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Christine Thorogood

Junior Science Apprentice, National Physical Laboratory

Christine Thorogood
Image: National Physical Laboratory

Where do you work?

I’m just coming to the end of an 18-month junior science apprenticeship with the National Physical Laboratory (NPL) – the UK’s national measurement institute.

We spend nine months in two different departments, carrying out research and supporting the work of the team.

Initially I worked in the Mass & Force department, carrying out force measurement calibration services for industry. I was trained on all of the deadweight and hydraulic force machines ranging from 2.5 kN to 30 MN, which are calibrated against the measurement standard for mass, the kilogram. Next I joined the Electronic Interconnection group, which focuses on improving the emerging technologies within harsh and high-temperature electronics, wearable technology and electrochemical performance in coating barrier systems.

What’s the work/study balance like?

We work in our individual departments on Monday to Thursday, and on Fridays we’re taught by an external training provider, CSR-Group Ltd, who come into NPL to teach us. We’re working towards a BTEC level 3 in applied science and also an NVQ level 3 in laboratory-associated technical activities. This balance allows us to gain professional qualifications while working.

It’s my responsibility to plan my time and put in extra hours where necessary. That can be challenging, especially when there are pressures from deadlines that come at the same time. However there are a lot of people supporting me and I’m encouraged to ask for help from teachers, team members and peers.

Why did you choose this apprenticeship?

I always wanted a career in science and the idea of carrying out scientific research in one of the world-leading national measurement institutes really appealed. We could work with experts and be trained on new technologies while being paid to be there!

There are also opportunities to enhance our continuous professional development and learn how to apply ourselves in the work environment. A major attraction for me was to represent the NPL apprenticeship at outreach activities. I am very passionate about enthusing other young people into a career in science.

What qualifications did you already have?

I joined the apprenticeship scheme aged 18, having just completed A-levels in physics, mathematics and fine art. The apprenticeship is offered to young people aged 16–18, so the minimum requirements are at GCSE level.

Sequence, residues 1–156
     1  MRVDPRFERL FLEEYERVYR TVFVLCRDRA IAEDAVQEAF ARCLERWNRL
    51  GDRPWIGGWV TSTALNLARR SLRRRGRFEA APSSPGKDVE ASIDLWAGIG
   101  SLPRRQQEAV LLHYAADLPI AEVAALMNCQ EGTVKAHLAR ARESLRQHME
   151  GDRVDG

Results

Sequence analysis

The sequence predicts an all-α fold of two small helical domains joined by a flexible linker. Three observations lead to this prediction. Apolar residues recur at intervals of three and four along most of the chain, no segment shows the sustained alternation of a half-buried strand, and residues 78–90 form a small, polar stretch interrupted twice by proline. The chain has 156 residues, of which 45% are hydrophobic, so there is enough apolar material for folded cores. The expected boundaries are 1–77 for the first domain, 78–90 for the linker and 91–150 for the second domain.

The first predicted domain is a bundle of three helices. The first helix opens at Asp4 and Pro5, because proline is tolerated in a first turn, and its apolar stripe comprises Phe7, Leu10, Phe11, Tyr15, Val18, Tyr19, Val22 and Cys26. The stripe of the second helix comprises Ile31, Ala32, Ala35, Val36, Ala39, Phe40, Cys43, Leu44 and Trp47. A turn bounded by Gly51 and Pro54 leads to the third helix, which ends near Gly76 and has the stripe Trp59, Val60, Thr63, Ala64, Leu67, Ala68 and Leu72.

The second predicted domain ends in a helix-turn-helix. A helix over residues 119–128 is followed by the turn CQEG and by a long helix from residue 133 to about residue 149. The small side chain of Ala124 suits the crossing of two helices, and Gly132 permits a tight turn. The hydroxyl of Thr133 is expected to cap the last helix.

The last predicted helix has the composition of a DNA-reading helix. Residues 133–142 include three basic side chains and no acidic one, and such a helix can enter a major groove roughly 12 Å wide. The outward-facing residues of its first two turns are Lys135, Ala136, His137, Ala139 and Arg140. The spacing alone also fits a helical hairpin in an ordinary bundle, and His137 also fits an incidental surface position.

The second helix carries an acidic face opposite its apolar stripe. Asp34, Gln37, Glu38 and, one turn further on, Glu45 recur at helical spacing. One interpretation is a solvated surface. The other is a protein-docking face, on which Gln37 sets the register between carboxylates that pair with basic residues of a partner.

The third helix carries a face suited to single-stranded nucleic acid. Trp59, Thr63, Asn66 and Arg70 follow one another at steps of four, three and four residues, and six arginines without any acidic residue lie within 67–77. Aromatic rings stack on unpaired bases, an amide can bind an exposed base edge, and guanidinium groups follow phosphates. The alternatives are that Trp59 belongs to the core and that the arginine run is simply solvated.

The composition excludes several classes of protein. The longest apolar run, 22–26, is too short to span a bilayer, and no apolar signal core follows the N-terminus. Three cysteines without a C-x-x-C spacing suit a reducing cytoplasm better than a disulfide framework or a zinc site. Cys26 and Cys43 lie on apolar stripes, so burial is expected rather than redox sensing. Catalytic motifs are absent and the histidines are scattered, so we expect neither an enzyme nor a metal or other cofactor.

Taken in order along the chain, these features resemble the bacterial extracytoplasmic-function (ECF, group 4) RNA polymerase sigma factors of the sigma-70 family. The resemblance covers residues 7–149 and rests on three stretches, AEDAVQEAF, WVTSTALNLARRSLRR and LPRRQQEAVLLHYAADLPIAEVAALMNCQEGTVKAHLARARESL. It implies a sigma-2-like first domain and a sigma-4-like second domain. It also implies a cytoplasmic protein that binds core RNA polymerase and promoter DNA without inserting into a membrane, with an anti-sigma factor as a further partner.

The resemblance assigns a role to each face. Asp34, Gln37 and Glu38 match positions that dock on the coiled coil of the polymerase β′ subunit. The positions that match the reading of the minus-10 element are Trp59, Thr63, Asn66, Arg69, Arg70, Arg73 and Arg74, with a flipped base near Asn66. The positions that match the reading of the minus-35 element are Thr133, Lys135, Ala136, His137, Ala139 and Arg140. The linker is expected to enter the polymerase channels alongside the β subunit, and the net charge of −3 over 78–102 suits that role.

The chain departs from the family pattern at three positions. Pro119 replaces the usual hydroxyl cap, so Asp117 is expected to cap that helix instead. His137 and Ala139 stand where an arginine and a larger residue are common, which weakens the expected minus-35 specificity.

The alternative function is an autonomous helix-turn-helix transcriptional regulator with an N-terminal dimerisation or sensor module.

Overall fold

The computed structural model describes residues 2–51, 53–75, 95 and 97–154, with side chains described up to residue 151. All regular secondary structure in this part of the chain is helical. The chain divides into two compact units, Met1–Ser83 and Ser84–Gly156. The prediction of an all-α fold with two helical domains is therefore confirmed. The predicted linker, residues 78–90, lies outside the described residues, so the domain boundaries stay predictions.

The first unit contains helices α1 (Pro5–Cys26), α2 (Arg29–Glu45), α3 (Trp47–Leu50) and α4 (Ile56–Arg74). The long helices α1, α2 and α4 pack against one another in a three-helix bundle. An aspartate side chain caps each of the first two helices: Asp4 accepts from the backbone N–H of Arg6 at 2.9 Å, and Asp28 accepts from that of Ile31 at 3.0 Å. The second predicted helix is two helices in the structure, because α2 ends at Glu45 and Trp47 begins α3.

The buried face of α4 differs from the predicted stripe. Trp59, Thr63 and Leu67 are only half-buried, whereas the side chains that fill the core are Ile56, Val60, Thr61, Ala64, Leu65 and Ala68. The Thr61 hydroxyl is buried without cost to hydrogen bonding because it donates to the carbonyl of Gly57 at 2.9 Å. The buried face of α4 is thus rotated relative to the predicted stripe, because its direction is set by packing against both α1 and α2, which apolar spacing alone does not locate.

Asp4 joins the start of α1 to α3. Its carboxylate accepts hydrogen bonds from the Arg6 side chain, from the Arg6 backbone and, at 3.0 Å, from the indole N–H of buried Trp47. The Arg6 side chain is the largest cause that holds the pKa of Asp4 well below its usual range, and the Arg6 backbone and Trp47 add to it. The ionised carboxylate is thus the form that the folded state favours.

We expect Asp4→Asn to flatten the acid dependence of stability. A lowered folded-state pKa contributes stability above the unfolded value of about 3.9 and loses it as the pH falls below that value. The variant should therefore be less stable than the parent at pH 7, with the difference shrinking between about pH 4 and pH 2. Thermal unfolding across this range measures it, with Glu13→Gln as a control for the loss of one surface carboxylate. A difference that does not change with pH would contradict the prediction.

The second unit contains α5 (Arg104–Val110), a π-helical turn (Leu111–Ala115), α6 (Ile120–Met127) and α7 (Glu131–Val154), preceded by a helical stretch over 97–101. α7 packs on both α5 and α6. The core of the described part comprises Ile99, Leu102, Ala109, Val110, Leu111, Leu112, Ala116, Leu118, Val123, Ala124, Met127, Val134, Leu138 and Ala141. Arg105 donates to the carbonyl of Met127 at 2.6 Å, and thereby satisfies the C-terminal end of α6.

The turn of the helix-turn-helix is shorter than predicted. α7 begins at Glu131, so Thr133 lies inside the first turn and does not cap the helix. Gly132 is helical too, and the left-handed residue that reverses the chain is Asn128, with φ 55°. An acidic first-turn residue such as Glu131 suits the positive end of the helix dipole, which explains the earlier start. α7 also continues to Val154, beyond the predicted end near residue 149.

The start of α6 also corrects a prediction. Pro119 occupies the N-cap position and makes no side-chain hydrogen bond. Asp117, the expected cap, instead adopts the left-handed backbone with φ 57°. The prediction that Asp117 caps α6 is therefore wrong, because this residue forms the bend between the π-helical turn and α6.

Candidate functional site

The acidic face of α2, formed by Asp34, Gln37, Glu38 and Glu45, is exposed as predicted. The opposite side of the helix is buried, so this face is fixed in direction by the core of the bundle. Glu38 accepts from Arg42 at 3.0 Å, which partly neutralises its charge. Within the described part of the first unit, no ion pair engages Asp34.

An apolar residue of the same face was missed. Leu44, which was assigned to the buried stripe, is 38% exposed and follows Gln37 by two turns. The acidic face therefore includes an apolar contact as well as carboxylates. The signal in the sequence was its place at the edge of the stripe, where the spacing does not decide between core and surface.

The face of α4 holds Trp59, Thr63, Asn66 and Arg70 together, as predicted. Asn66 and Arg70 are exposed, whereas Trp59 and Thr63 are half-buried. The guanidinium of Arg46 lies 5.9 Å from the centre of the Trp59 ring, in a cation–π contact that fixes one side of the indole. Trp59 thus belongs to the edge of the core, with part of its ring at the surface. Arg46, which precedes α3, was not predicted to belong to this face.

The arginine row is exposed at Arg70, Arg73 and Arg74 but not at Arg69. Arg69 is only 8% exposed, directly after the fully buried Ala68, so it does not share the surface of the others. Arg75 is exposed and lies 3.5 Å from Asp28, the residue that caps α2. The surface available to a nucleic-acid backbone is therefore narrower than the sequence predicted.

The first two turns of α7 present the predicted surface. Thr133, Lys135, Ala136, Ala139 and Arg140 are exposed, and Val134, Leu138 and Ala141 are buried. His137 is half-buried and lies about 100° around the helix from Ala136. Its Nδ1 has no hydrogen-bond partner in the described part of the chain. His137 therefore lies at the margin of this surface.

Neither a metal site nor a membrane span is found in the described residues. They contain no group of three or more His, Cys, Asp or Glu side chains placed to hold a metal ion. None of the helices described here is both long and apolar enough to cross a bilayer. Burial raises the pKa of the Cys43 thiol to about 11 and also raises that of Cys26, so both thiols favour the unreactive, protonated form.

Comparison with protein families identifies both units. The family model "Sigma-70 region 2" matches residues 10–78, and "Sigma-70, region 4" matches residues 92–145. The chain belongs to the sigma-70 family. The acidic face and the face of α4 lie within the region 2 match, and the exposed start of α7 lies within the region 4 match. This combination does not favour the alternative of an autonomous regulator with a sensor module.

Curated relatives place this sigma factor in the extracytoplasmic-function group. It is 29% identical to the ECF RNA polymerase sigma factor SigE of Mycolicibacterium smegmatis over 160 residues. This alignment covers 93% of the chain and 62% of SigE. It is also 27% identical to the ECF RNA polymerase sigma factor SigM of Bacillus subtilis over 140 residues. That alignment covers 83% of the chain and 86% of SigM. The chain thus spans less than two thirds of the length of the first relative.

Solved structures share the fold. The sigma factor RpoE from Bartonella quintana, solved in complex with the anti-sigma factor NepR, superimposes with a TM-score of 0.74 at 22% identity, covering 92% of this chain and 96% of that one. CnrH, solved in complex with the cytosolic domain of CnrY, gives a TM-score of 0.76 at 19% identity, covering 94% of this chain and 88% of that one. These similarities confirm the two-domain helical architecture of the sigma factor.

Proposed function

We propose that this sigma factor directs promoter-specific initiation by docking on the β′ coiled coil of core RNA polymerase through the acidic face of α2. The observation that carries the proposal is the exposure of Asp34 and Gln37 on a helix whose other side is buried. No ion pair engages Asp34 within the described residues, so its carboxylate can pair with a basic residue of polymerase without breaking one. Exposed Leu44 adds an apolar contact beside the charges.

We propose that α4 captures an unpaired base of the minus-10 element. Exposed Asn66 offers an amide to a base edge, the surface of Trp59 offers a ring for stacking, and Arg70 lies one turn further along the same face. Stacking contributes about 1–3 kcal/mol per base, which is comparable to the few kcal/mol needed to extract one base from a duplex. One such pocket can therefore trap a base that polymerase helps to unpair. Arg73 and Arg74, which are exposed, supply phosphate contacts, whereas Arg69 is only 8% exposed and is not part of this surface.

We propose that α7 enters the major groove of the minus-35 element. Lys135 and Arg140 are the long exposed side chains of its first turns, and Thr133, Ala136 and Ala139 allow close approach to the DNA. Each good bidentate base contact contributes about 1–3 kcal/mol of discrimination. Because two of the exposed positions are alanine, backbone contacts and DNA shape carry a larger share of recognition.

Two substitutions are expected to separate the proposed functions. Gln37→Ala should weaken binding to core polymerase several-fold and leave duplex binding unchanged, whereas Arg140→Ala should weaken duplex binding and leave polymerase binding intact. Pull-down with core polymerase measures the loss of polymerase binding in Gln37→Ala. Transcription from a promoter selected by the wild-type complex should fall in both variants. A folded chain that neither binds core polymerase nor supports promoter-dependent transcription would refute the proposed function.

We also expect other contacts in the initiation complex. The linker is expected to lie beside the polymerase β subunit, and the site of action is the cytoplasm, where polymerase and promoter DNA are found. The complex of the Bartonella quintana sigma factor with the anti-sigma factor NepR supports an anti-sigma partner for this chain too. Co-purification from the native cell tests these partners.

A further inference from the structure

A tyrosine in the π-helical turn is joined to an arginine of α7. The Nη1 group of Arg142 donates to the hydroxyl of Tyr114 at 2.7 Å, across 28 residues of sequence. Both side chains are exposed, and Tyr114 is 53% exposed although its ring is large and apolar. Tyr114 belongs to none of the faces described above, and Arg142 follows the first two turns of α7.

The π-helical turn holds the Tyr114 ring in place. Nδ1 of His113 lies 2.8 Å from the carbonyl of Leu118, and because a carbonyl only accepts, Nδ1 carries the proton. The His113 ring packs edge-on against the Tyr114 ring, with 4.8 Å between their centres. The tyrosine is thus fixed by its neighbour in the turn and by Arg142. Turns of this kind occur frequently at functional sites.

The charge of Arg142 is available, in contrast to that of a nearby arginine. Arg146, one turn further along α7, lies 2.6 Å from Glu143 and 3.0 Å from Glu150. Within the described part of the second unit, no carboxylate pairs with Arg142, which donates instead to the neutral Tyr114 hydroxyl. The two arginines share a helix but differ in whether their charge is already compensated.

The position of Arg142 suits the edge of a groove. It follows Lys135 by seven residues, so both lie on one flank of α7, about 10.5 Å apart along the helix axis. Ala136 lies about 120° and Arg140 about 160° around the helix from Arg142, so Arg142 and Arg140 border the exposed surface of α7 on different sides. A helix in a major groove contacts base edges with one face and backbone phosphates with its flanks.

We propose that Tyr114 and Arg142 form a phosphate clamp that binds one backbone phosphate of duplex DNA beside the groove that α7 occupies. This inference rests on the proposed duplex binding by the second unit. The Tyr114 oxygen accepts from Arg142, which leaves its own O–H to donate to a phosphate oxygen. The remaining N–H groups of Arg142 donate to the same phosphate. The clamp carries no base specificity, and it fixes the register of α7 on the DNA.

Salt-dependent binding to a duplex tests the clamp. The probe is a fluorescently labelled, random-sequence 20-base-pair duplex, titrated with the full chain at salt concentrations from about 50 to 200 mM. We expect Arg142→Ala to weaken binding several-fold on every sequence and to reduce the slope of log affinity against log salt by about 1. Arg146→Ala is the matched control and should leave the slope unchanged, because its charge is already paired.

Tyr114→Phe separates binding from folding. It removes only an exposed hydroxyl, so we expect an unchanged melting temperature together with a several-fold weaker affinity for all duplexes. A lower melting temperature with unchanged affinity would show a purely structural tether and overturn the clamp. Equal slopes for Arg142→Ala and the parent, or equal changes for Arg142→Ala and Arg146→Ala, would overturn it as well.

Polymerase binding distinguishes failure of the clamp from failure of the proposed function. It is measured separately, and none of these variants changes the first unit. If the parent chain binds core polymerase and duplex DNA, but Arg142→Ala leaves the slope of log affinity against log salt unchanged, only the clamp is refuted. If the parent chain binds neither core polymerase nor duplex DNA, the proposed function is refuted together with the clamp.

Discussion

What skills have you gained?

As well as working towards the BTEC and NVQ qualifications, I’ve gained multiple skills in a range of technical training, procedures and health and safety training.

I’ve been trained on complex instrumentation in the laboratories ranging from three-storey-tall force measurement devices to scanning electron microscopes and gained my level 2 in dimensional metrology training (an internal training course).

I’m trained on the operation and safe handling of lifting, including manual handling and operating cranes, and I’ve completed the LabVIEW Core 1 training course and applied this to data acquisition. We’ve been taught to use Microsoft packages and how to present and communicate effectively with confidence. We also completed a 12-week mindfulness course, which has improved our wellbeing within and outside of the workplace.

How has the apprenticeship benefited you?

It’s enabled me to fulfil more than I ever could have imagined. I’m a respected member of the team, and have been given responsibility to plan investigations and experiment with my ideas. I’ve been supported and encouraged to get involved with as much I can to gain a range of new skills.

Working as an apprentice has confirmed my love for science and has provided me with an excellent basis to build a career as a scientist.

What advice would you give someone considering an apprenticeship?

Don’t be afraid to go down the apprenticeship path. Apprenticeships are evolving and are in every industry you can imagine – you just have to find the one suited to you.

University is always going to be an option for any time in your career but apprenticeships offer the hands-on training that employers really value. You will gain professional training and qualifications, work experience and get paid while you learn.

I also recommend getting in touch with the employer – find out what they do and if they offer any opportunities that you can get involved with beforehand, such as events for young people. This will help you to get a feel for the environment and can support your decision.

How did you choose your apprenticeship?

I live locally to NPL in Teddington (south-west London), and have attended science courses held there, so I knew a bit about what they do.

After A-levels I was applying to study physics with astronomy at university when the NPL apprenticeship was suggested to me. Once I read the job description I thought it described everything that I wanted to do: work in a lab, carry out research, continue learning and have the opportunity to promote science to others.

I discussed my options with my friends, family and teachers, but was still afraid of the unknown – I had no idea what to expect. I got in touch with an NPL apprentice who convinced me that it was the right option for me. You can go to university at any age, but this was a one-chance opportunity and I wanted to be a part of it.

What next?

I have a full time position at NPL as an assistant research scientist when I finish the apprenticeship. I’m also going to continue working towards the extended diploma in the level 3 BTEC in applied science (worth 3 A-levels rather than 2).

I will continue working while planning my professional development, whether that involves going to university or going a different route.

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